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Creating a Brand Experience With Your Interior Design

As a marketing agency with an extensive background in conceptual branding and interior design, we believe there is an important distinction between the two disciplines in our approach to designing a brand experience. Our clients don’t come to us with a ‘design’ problem; they come to us with a business problem that can be solved through design. The solution required an understanding of how the visual identity of a company can be applied to every touchpoint experience including the physical space the company creates for itself.

Starbucks Design Concept

Starbucks is an amazing example on how a brand seamlessly executes design and why it is important for a business to care about branding all the way through their interior space. No matter where your opinion stands with Starbucks, the brand is undeniably a design powerhouse. Their concept stores perfectly encapsulate its internationally recognizable brand as their design plays a key-role in localizing the customer experience through the consistent implementation of the global brand DNA. Store elements are localized to reflect the neighbourhood in which franchises are placed in but continues to stay true to the Starbucks experience. This creates a sense of belonging. It isn’t just a coffee story; it is also a local cultural story. Their intention is to resonate with the locals as well as tourists.

Starbucks employs their design concepts through the use of smart design to evoke feelings from all visitors and consumers. They want customers to feel comfortable and warm – creating a space where they can take their time to sip on a coffee or crank out some work. The brand also uses luxury furnishing, comfortable seating and dim lighting to convey a welcoming setting that makes visitors feel like part of an exclusive community. Anyone who has seen the Starbucks brand would be able to recognize that they are in a Starbucks store. Why? Because Starbucks understands that their interior space should be an extension of their customer service, experience and brand identity. Being able to cultivate your unique brand experience helps you and your audience to understand who you are, and it is what makes your business stand out. Below is a step by step outline of how we recommend effectively bringing your brand into your physical space.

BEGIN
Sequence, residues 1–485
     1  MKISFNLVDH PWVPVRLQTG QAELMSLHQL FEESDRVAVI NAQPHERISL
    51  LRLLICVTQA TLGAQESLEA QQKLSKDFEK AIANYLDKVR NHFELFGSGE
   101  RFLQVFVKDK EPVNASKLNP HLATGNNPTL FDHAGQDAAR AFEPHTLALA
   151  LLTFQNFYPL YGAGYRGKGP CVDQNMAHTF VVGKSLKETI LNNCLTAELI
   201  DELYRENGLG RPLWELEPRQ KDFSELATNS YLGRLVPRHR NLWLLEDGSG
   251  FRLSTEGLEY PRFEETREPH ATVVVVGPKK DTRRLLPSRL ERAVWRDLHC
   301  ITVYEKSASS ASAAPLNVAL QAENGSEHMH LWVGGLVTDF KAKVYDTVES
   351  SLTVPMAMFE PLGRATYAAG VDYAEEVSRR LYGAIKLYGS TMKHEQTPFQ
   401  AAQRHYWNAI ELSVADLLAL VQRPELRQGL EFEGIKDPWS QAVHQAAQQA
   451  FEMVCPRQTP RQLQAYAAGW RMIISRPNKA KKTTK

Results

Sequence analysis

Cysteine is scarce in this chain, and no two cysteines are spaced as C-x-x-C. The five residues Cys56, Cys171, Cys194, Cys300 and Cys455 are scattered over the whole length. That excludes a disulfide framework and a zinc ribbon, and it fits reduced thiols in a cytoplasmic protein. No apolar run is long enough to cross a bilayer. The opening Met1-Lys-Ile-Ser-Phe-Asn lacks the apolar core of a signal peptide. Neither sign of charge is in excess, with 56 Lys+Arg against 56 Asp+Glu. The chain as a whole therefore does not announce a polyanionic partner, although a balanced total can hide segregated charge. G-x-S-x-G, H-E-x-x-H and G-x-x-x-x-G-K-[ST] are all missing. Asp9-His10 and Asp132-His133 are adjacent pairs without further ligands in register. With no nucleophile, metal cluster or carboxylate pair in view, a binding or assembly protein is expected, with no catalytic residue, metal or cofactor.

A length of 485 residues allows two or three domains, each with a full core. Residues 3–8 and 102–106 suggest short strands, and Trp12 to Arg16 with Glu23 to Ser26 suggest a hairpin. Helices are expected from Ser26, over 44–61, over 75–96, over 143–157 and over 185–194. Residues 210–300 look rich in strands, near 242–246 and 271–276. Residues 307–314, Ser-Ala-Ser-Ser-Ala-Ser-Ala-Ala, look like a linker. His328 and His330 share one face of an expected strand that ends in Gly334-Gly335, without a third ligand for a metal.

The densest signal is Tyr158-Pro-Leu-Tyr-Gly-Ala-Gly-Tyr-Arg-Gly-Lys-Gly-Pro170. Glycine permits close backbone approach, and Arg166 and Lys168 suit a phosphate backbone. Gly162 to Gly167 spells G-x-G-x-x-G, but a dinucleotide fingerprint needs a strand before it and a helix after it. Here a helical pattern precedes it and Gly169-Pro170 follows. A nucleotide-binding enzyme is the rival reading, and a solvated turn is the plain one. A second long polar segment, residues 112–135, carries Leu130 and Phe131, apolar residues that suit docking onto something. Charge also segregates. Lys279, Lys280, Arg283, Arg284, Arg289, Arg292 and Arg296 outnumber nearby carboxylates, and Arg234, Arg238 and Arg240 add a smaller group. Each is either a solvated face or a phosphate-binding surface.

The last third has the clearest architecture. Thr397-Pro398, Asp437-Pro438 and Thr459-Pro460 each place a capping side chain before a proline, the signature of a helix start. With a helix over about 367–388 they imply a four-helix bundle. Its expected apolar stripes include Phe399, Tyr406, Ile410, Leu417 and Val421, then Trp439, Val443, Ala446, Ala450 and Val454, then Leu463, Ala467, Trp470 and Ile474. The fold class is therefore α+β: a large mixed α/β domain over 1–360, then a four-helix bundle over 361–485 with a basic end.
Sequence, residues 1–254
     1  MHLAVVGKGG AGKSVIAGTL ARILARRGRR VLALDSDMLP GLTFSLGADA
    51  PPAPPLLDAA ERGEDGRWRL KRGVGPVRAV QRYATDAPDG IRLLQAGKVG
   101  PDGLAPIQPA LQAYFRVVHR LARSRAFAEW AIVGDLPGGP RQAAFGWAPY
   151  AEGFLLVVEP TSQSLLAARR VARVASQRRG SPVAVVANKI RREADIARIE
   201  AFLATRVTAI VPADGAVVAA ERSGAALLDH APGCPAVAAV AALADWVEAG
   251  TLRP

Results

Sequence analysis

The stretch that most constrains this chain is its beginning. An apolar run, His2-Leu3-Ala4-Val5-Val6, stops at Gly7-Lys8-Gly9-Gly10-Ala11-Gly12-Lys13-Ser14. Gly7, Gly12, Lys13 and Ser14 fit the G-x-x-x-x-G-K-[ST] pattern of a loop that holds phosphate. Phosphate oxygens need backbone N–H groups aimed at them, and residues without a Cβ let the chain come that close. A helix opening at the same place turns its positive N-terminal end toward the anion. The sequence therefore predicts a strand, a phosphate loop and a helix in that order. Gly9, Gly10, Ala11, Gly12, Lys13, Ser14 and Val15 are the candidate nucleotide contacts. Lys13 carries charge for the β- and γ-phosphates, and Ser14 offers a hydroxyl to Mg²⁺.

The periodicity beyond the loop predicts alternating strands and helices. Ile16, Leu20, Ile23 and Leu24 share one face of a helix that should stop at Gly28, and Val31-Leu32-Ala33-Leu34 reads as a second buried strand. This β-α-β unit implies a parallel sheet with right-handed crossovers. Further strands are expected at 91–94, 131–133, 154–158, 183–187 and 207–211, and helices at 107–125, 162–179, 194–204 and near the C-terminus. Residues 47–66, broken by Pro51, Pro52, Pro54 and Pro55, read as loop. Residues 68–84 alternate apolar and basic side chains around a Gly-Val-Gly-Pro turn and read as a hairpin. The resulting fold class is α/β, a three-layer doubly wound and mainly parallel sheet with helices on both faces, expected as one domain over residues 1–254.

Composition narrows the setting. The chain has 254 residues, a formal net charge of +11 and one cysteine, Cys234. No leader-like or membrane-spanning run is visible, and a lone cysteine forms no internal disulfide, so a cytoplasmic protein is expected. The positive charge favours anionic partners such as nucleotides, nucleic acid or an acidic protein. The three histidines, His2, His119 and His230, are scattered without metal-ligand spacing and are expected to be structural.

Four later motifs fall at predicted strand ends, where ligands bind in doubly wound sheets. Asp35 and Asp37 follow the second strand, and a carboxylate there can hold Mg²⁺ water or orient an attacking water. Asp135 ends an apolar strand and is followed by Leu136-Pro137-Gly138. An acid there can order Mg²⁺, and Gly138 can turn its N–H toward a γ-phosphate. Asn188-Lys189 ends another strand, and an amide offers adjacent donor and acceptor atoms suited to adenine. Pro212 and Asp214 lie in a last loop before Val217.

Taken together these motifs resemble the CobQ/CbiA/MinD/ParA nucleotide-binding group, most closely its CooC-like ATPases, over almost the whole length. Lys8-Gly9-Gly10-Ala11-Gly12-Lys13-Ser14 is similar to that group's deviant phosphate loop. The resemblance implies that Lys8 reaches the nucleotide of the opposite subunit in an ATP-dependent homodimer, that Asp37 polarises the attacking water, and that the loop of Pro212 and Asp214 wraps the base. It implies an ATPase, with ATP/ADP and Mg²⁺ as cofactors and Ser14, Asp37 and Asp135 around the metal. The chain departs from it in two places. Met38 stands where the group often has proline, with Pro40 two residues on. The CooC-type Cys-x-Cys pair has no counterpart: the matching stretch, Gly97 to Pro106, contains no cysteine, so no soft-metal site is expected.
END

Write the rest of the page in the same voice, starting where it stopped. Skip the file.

1. Collaborate & Schedule

When working on a new branding project, it’s best to involve all stakeholders: brand, architects, marketing agencies and interior designers. Having all participants in the same room at once means fewer rounds of discussions on concepts and direction and key partners can look at the space together and agree on shared goals. Collaborating early on leads to better ideas and more efficient project management overall. Rather than working separately on each discipline, attempt to think of the project holistically. This will lead to a more aligned design and better customer experience. When we consider each discipline, we can better determine what should work best for the individual customer journey which ultimately leads to the success of the brand. It’s important to do some research beforehand and present your brand agency with the necessary information. This will greatly speed up the process in the designing phase. Make sure you have a long-term project plan with dates, milestones and accompanying responsibilities assigned to each member of your team. This will help avoid many issues that may arise later. Remember that the ‘store’ is an integral part of your online business and needs to be consistent. Therefore, work hand-in-hand with your brand agency to ensure this is coherent across all platforms and channels including marketing, packaging and even signage.